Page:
Decentralized funding is a fairly new, nuanced concept for the mainstream audience. At its core, DeFi promises a revamped global financial system equipped with savings, loans, and inventive revenue opportunities that enable innovative financial products without a central gatekeeper. Since January 1, that promise has been fulfilled with demand totaling more than $ 11 billion, up more than 1,550% in value since the start of the year.
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As we’ve seen Ethereum-backed projects like Uniswap, Aave, and Compound advocating the DeFi space, the community is beginning to show signs of a demand for solutions that include Bitcoin (BTC).
Bitcoin is the largest digital asset by market capitalization, but remains largely a passive asset. In order to actively provide Bitcoin in DeFi products, custodians like BitGo have started tokenize Wrapped Bitcoin (WBTC). Wrapped Bitcoin takes the value of Bitcoin and combines it with the programmability of Ethereum, so investors can get additional returns on their Bitcoin investments without cashing out. In the past two months alone, more than $ 1 billion worth of WBTC has been added to the Ethereum network, indicating a demand for Bitcoin as an actively used financial asset.
Put Bitcoin into DeFi orbit
Bitcoin is the strongest sovereign blockchain and is well on its way to becoming the world’s first truly sovereign currency. Bitcoin has the most robust blockchain security and most popular name recognition. Currently, the use of BTC in DeFi is at a very early stage.
There are two ways Bitcoin can be used in DeFi products: wrapped representations of BTC can be used on separate blockchains (like WBTC on Ethereum), or native smart contracts can get into the Bitcoin blockchain itself. Creating DeFi products directly on Bitcoin makes sense in practice, but is difficult due to Bitcoin’s limited scripting language and concerns about scalability. Bitcoin has traditionally been viewed as a medium of exchange and a store of value. However, the recent move from Bitcoin to Ethereum as a packaged asset signals market demand for BTC in DeFi. In doing so, people find unique, albeit unnatural and potentially dangerous ways of doing this.
Bitcoin’s limited scripting language has long been seen as a feature rather than a bug as it keeps the base blockchain secure. Smart contract logic can be added via Bitcoin via sidechains like Liquid, connected chains like Stacks, or merged-mined chains like RSK. Moving BTC from the main Bitcoin chain to such neighboring chains can be easier and safer than spending packaged assets on separate chains.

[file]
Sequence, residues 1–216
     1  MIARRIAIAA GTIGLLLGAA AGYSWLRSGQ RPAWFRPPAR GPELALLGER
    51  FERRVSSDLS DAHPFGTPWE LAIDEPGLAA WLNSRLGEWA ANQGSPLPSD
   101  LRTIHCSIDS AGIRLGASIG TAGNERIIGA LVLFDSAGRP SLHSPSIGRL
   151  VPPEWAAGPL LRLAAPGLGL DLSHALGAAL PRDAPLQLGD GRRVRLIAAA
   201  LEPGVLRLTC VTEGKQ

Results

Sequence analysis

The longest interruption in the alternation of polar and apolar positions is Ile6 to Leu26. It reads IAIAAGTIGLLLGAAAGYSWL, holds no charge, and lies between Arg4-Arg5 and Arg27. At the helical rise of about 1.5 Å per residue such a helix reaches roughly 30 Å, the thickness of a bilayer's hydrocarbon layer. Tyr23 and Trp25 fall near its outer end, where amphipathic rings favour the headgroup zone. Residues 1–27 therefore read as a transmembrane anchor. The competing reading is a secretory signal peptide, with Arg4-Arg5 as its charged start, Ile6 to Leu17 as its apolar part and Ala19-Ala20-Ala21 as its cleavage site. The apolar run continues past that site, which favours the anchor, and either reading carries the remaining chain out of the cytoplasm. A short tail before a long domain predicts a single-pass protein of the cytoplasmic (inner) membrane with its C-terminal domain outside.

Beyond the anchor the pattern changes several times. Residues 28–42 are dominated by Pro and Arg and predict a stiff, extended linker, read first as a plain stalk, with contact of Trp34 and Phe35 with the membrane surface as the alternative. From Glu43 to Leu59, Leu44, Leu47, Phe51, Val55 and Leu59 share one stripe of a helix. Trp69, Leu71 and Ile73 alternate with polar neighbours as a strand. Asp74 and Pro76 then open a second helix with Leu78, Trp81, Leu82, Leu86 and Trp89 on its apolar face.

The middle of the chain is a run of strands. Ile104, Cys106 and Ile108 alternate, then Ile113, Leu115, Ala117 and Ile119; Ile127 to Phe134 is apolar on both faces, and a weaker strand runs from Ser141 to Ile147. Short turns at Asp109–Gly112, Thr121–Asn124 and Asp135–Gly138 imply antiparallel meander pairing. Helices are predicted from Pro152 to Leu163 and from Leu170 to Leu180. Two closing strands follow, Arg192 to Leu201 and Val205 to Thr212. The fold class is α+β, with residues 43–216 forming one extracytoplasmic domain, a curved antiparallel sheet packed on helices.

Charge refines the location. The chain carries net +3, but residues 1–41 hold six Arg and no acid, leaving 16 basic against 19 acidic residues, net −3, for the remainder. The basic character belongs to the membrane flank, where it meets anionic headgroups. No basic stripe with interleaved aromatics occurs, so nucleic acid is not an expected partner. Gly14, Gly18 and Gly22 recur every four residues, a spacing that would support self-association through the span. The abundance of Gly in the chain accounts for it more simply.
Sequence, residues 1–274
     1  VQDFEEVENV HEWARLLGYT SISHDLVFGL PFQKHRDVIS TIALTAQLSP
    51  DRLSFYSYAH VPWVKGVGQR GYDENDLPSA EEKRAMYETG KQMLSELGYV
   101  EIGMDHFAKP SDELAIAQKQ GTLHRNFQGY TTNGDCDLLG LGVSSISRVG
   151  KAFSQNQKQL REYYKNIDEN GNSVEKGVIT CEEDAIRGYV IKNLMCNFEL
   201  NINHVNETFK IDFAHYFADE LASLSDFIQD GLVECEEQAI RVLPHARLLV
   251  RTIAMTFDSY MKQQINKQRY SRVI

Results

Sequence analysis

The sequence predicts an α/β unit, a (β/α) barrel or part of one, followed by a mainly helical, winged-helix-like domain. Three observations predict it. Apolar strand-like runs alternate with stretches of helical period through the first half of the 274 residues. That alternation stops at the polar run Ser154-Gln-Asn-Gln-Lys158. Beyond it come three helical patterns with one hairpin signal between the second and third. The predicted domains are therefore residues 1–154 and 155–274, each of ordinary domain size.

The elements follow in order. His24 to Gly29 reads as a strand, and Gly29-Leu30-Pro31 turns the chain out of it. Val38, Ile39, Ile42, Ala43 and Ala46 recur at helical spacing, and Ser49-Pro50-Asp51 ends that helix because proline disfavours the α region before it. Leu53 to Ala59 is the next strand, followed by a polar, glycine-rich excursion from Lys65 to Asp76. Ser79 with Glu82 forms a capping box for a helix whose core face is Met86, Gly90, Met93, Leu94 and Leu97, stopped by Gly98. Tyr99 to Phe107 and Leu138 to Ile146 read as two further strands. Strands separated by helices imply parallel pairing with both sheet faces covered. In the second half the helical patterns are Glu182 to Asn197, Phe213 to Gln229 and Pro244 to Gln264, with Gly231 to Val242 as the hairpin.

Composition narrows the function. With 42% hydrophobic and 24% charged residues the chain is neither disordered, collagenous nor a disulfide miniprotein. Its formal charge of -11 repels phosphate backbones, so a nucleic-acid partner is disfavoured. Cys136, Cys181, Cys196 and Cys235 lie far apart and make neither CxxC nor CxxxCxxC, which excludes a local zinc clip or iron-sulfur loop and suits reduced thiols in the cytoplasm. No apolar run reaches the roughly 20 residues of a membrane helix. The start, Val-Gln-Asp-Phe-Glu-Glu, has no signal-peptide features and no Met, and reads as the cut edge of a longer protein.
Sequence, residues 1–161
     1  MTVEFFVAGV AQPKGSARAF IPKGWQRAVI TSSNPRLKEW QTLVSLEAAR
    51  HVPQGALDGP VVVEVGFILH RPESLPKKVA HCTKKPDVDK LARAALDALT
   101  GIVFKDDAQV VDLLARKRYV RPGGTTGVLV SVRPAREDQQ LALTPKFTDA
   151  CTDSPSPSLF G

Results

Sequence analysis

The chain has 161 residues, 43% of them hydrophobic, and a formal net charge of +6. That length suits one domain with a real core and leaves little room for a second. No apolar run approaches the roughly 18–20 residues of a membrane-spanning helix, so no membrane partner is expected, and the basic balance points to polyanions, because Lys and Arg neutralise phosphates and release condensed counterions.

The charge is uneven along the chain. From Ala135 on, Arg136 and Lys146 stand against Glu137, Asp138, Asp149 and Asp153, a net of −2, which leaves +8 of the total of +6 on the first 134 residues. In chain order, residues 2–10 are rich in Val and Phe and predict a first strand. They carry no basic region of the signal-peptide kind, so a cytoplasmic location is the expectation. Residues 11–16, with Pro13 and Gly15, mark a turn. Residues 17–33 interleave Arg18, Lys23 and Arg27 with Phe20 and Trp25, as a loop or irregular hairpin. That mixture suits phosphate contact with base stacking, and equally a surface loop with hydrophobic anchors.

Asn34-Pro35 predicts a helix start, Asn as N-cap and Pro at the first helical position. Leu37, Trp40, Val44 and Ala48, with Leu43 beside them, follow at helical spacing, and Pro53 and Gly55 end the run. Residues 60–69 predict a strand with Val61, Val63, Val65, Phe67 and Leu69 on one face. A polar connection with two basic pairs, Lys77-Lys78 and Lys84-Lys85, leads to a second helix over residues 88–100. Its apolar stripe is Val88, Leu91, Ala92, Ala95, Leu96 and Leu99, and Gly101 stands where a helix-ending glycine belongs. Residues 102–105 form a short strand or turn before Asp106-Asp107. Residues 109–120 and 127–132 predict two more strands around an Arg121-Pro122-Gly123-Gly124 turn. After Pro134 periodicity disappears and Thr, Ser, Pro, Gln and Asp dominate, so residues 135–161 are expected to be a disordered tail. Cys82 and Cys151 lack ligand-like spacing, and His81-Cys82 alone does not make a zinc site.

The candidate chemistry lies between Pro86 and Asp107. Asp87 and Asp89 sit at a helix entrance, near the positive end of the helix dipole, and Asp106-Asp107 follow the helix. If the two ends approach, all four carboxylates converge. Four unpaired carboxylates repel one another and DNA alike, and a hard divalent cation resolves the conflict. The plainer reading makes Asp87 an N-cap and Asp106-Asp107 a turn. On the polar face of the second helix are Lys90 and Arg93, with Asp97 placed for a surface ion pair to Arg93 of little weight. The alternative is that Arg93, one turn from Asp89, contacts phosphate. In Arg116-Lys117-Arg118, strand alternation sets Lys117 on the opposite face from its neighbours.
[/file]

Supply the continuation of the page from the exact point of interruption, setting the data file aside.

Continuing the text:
Bitcoin as active capital
To fully fill this void, Bitcoin must go through the process of converting from a passive asset to an active, return-generating asset. One hurdle is the tribal nature of cryptocurrency users. Many bitcoiners do not recognize wrapped bitcoin as bitcoin. In my opinion, this is because Bitcoiners and the Ethereum community share different philosophies.
Ethereum created a culture that celebrates experimentation and testing in production. However, daring experimentation is not a trait that bitcoiners share. Bitcoiners are naturally cautious, sane skeptics who are careful not to lose their assets. Wrapped Bitcoin is one of several DeFi innovations that create danger by blending these two philosophies. Integrating a valuable asset like Bitcoin into a smart contract like an ERC-20 token that shares the security features of Ethereum can be an uncomfortable concept for Bitcoin holders. There should be a safer solution to getting BTC into orbit from DeFi.
When we see the opportunity to build on Bitcoin, we see a future where Bitcoin continues to be the king of blockchains. As DeFi continues to grow, it is entirely possible that Bitcoin will remain the focus for crypto, and that smart contracts around Bitcoin will inherently unlock innovation and Bitcoin capital of $ 250 billion.
The views, thoughts, and opinions expressed here are the sole rights of the author and do not necessarily reflect or represent the views and opinions of Cointelegraph.
Muneeb Ali, a Ph.D. The Princeton University graduate is the co-founder of Blockstack, a project to build a user’s own Internet. He is also the CEO of Blockstack PBC, a not for profit that has raised more than $ 75 million to develop the core protocols for Blockstack.